As just one illustration, I include as the last page in the appendix a copy of the Letter to the Editor of the local daily newspaper, The News Tribune, that Mr. Tuell's present partner and personal lawyer, Mr. Couture, authored in August of 1997, within days after the Commission on Judicial Conduct announced its Cadillac-related charges against Judge Anderson. Apparently intending "to neutralize adverse publicity and comment" and to prevent the full exposure of the past unlawful conduct, Mr. Couture proclaimed that the Washington State Bar Association, the Pierce County Prosecutor, and the Washington Attorney General's Office had investigated and "found that Judge Anderson did nothing wrong." Other lawyers improperly obtained the sealing in early 1996 of the public court file from Judge Anderson's marital dissolution proceeding, which concealed from the public considerable financial information that might have permitted an earlier full exposure of his misconduct.

Part 6. Offer of Proof of Criminal, Fraudulent, and other Serious Misconduct.

            Sworn testimony and documents signed under oath or penalty of perjury by Messrs. Anderson, Hamilton, and others, most of which were made public in connection with the Commission on Judicial Conduct proceeding that resulted the removal of Judge Anderson from his elected judicial office, establish reasonable cause to believe that they were involved in or intending, during the period in which my legal services were used, crimes in violation of Washington liquor, gambling, and tax laws, insurance fraud, and flagrant breaches of fiduciary duty. The deposition and hearing transcripts and exhibits from the CJC proceeding comprise about 1,385 pages, all of which I will be offering as part of the record in this proceeding. That ought not be unduly burdensome, for the Washington Supreme Court and its law clerks already spent 14 months studying those pages in connection with Judge Anderson's removal, and those documents should eventually become part of the record of WSBA discipline against lawyer Grant L. Anderson and some of the lawyers who conspired with him.

Part 7. Conclusion and Procedural Requests.

            Based upon the foregoing arguments, I request a ruling permitting me to engage in discovery of, and to establish a record of, evidence of the criminal, fraudulent, or other serious misconduct that my former client, William L. Hamilton, and persons who may have conspired with him for such purposes, including former Judge Grant L. Anderson, were intending in 1992 when he used my services to further such ends.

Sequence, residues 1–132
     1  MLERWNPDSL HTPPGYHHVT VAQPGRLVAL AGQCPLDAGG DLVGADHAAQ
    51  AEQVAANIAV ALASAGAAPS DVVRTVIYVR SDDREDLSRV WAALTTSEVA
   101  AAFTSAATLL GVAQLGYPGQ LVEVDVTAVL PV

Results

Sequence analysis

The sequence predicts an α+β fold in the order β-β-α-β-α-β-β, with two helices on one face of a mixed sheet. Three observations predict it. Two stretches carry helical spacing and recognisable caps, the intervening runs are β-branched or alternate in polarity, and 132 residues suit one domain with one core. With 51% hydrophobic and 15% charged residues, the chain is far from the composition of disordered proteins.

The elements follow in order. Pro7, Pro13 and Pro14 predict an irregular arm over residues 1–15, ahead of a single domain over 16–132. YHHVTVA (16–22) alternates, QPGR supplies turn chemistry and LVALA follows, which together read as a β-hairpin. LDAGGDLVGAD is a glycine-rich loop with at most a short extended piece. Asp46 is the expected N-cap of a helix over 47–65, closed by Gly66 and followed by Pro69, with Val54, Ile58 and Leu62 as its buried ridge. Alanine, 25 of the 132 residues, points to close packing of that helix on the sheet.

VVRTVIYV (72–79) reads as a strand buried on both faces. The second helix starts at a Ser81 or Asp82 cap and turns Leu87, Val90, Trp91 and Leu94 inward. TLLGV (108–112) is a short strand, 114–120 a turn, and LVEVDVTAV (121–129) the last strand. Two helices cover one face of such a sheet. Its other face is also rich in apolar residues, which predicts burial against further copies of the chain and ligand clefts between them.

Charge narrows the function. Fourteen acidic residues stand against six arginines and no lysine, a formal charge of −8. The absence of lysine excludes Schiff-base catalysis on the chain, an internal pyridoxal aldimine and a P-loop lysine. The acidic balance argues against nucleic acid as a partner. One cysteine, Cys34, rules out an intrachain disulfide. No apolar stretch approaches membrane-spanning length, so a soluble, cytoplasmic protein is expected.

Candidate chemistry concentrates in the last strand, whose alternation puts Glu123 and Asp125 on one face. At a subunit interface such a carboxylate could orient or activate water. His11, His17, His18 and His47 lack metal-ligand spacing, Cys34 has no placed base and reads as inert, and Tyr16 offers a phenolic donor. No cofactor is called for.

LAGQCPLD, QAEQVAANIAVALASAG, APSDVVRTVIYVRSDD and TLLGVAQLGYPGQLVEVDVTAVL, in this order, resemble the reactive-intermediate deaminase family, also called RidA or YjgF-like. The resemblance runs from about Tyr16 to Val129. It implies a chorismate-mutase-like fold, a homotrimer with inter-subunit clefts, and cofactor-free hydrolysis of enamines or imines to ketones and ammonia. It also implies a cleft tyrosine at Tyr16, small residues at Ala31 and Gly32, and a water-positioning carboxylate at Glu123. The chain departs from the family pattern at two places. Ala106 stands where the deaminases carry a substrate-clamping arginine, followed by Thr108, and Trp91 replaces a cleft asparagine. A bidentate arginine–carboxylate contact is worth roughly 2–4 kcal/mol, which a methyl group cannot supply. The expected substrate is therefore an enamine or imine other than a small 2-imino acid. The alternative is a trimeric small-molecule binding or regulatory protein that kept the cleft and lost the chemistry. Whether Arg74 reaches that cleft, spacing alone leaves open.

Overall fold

Considering (1) the delay caused by your ruling of last week, (3) the reasonable uncertainty as to the course of this proceeding from the time that I submitted my Motion for Interlocutory Review to the State Supreme Court in early August until it was denied by the Court in early November, and (3) the entry just last week of an experienced trial lawyer, Shawn Newman, associated with the public-interest watchdog organization known as Citizens for Leaders with Ethics and Accountability Now (CLEAN) , who has volunteered to assist me as co-counsel in this proceeding, I respectfully request a continuance of the hearing to permit appropriate preparation by him and me.

            As I have established an Internet web site (http://bigfoot.com/~d_schafer) to enable interested persons to monitor this proceeding, on which I have posted all material documents filed so far in this case and will be posting this letter, I request an order directing all parties to provide me (by disk or e-mail) an electronic version of their filed material documents in order that I might fairly present all parties' positions in this proceeding to the national and international Internet audience.

            Thank you for taking the time to carefully review these materials and to consider the important issues that hold great significance for not just me, but for our entire profession and the society that we profess to serve.

Very truly yours,
 
/s/
Douglas A. Schafer, WSBA No. 8652
Appendix enclosed.

cc:    Christine E. Gray, Disciplinary Counsel
         Larry J. Couture, Attorney
         Shawn T. Newman, Attorney


Appendix Items:

1.    Introduction (pages 63 - 68) and Part II (pages 101 - 127) of  R. Cramton & L. Knowles, "Professional Secrecy and Its Exceptions: Spaulding v. Zimmerman Revisited,"  83 Minn. L. Rev. 63 (1998) .

2.    Section 117B, its Comments and Reporter's Notes in Proposed Final Draft No. 2, of American Law Institute,  Restatement of the Law Third, The Law Governing Lawyers (pages 177 - 197).

3.    Printed website pages http://www.abanet.org/cpr/e2k/rule16draft.html of the American Bar Association's Ethics 2000 Commission proposed March 23, 1999 draft changes to Model Rule 1.6, including the Reporter's Explanation of Changes.

4.     Letter to the Editor printed in The News Tribune (Tacoma, Washington) on 8/18/97, authored by lawyer Larry J. Couture, partner in Tuell & Couture, P.S. with David R. Tuell, Jr., who was a partner before 1993 with Grant L. Anderson in their law firm Tuell, Anderson, Fisher, & Koppe).